“popular community-based sailing website that contains user-generated information about marinas, anchorages, marine hazards and local points of interest for sailing around the world.”

Active Captain was founded in 2007 by Jeff and Karen Siegel. The community claims to have more than 200,000 users. The free app connects to your mobile device and your Garmin chart plotter. We didn’t have Garmin, so I downloaded the app and used it as an info guide along with our chart plotter.

Its easy to use. You do a name search for the area or by pan the map of the area. You can view the area as a nautical chart, a Google-type map, a satellite image, or as a hybrid image. There are colored markers indicating marinas (red), anchorages (blue), hazards (yellow) and local knowledge (green).

Screenshot from Active Captain, approaching Atlantic City

When approaching an unknown port we’d do a name search for the area. Active Captain would list all available ports, anchorages and areas that were accessible. The best thing about it was the user reviews. They provided information on all aspects of a region such as depths, navigation tips, best places to anchor in what types of wind conditions, hazards, where to shop, where fishing gear is located, good spots to take your pets ashore and countless other useful tips. It was an essential tool and helped get us from Newfoundland to Virginia, USA. Here’s a screenshot of our approach to Atlantic City. We arrived in the dark and it was a gnarly approach, but having the Active Captain information was useful.

Guide Books

But the best tool of all were the guide books. We had several for the New England coast and picked up many along the way. Boat friendly places like Newport had Portbooks, with maps, list of services and tide information. Areas that were cruiser friendly often provided these type of information books and we started to search them out whenever we went ashore.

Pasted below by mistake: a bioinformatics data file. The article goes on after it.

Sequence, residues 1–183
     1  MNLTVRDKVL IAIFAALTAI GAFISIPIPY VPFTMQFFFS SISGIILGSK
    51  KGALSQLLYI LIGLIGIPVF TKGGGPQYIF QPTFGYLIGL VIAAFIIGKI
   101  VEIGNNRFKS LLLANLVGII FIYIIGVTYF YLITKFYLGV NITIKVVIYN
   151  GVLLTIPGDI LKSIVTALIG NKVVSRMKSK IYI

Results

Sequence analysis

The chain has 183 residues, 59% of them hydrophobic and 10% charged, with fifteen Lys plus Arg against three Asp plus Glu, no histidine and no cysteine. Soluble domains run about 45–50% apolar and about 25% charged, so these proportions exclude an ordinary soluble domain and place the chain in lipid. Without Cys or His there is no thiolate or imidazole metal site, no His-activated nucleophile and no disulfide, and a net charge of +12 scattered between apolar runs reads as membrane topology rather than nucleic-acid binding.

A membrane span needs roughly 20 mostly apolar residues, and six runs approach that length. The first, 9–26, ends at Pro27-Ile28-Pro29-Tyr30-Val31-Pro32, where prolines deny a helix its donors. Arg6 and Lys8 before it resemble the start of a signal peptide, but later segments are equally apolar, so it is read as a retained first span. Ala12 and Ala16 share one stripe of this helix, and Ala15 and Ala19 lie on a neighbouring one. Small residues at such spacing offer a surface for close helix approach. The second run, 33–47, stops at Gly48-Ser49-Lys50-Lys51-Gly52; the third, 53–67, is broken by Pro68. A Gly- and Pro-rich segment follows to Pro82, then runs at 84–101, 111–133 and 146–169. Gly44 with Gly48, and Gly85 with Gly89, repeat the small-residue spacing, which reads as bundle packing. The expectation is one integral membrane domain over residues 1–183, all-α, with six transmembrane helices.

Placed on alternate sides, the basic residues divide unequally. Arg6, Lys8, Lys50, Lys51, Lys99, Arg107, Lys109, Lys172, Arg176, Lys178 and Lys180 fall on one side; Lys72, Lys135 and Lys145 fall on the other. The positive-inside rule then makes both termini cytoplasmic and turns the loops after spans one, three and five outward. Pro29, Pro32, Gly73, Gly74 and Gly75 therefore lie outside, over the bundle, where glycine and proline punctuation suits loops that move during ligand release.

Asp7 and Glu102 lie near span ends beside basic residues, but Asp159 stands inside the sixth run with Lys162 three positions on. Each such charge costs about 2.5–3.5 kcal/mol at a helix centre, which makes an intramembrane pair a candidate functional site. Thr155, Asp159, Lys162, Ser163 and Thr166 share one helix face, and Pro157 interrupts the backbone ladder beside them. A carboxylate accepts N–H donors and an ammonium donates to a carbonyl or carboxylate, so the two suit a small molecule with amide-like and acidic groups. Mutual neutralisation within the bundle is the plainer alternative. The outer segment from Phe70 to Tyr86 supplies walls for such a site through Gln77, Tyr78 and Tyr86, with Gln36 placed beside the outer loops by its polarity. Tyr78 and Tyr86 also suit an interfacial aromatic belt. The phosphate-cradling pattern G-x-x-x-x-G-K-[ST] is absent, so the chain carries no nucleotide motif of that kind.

When we arrived in the Caribbean we purchased three guide books, all written by Chris Doyle that were indispensable. These books cost about $25-$50, depending on where you buy them. They are thorough and a new version is released every year. We had one for the Virgin Islands, The Windward and the Leewards, which covered us from BVIs all the way to Grenada. They offer so much valuable information – maps, navigation, regulations, communications, general yacht services, suppliers, shopping, restaurants and almost anything you need.

 

Marine Guides from various port stops

New England guidebook
Detail – New England Guide
Chris Doyles guidebooks
Detail inside Doyles guide

Cruiser Nets

If it wasn’t covered in Doyle’s guide you could probably ask fellow cruisers. In places where there was a lot of cruisers, a cruisers net took place every morning over VHF. It was usually hosted by a local cruiser, and would begin with arrivals and departures, and cover everything from social events to and buy and sell, but it was also a great arena to ask questions. When I was in St. Martin, I found a place to supply new cushions for our boat by asking on the net. People are always willing to share information and help you out. Its one of the nice things about yachties.

In the end we learned that getting around was easy and with a little planning, you could find everything you needed. And if all else failed, Filbert could always smell land. We just had to follow his nose. And he has a very good nose.

No Land Around Here